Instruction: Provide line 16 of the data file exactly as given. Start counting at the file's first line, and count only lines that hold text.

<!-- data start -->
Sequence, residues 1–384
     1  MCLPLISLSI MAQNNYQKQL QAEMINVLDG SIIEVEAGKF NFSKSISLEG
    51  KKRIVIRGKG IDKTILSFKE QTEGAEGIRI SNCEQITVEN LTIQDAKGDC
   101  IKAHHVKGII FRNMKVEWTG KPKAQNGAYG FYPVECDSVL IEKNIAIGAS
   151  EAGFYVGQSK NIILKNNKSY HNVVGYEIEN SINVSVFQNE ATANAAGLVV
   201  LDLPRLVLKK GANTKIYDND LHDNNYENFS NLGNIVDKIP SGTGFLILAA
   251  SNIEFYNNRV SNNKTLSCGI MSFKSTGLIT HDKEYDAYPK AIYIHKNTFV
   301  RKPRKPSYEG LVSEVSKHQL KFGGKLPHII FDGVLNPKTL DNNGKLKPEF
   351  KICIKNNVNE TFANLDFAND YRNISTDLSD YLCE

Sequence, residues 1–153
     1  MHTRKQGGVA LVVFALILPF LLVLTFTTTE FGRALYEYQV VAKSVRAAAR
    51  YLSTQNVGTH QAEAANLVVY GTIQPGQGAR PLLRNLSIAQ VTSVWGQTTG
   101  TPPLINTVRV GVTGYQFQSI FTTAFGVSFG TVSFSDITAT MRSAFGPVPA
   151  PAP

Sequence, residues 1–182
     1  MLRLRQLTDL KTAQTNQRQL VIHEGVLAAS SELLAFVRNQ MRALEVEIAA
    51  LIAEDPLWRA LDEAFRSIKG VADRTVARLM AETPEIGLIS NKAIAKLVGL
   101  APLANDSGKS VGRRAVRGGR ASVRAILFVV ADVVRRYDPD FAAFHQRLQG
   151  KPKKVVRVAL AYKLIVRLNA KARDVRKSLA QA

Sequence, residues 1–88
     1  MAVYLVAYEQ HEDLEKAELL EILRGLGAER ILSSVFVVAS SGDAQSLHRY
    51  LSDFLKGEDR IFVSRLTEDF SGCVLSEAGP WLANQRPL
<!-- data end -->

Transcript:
     1  MLRLRQLTDL KTAQTNQRQL VIHEGVLAAS SELLAFVRNQ MRALEVEIAA